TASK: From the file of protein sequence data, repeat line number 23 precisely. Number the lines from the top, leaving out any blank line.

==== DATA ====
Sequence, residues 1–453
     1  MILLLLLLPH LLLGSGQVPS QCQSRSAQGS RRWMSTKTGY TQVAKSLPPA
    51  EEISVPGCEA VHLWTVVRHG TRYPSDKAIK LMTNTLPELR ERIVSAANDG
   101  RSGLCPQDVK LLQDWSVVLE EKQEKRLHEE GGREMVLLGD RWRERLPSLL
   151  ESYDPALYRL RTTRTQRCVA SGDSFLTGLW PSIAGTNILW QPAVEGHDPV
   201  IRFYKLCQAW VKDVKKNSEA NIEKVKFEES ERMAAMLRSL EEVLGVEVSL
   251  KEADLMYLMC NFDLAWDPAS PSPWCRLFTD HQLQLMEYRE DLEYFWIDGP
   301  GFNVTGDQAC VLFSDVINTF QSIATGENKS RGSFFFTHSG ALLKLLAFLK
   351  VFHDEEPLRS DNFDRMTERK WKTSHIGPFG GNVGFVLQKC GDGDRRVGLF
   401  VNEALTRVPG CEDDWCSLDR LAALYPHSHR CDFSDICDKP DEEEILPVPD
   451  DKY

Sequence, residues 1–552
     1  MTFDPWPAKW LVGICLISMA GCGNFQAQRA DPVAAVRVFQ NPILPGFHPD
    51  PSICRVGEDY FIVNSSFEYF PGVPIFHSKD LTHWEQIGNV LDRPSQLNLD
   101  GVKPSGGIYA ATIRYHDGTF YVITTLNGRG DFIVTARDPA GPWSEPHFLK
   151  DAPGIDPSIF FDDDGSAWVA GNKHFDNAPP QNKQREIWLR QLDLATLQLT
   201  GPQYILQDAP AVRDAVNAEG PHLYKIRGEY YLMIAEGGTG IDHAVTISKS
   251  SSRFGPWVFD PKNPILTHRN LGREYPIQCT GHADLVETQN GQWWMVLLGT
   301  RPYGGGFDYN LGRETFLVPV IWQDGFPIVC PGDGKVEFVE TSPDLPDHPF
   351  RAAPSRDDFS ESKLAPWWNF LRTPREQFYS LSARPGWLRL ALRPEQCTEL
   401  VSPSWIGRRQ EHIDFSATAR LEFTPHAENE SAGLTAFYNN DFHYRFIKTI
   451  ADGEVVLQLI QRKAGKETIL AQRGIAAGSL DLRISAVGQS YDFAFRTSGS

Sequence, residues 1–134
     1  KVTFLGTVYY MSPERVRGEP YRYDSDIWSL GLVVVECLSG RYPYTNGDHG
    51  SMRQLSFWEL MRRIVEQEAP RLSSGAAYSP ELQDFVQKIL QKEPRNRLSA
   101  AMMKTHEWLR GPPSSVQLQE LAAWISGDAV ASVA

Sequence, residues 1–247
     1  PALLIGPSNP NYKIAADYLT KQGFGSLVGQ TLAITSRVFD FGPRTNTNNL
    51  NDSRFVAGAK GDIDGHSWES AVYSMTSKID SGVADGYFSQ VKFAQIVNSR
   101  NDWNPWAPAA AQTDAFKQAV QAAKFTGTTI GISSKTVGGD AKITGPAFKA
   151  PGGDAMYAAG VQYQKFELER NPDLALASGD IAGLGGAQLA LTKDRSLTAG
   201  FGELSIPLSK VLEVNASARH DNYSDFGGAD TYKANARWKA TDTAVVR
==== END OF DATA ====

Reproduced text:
Sequence, residues 1–134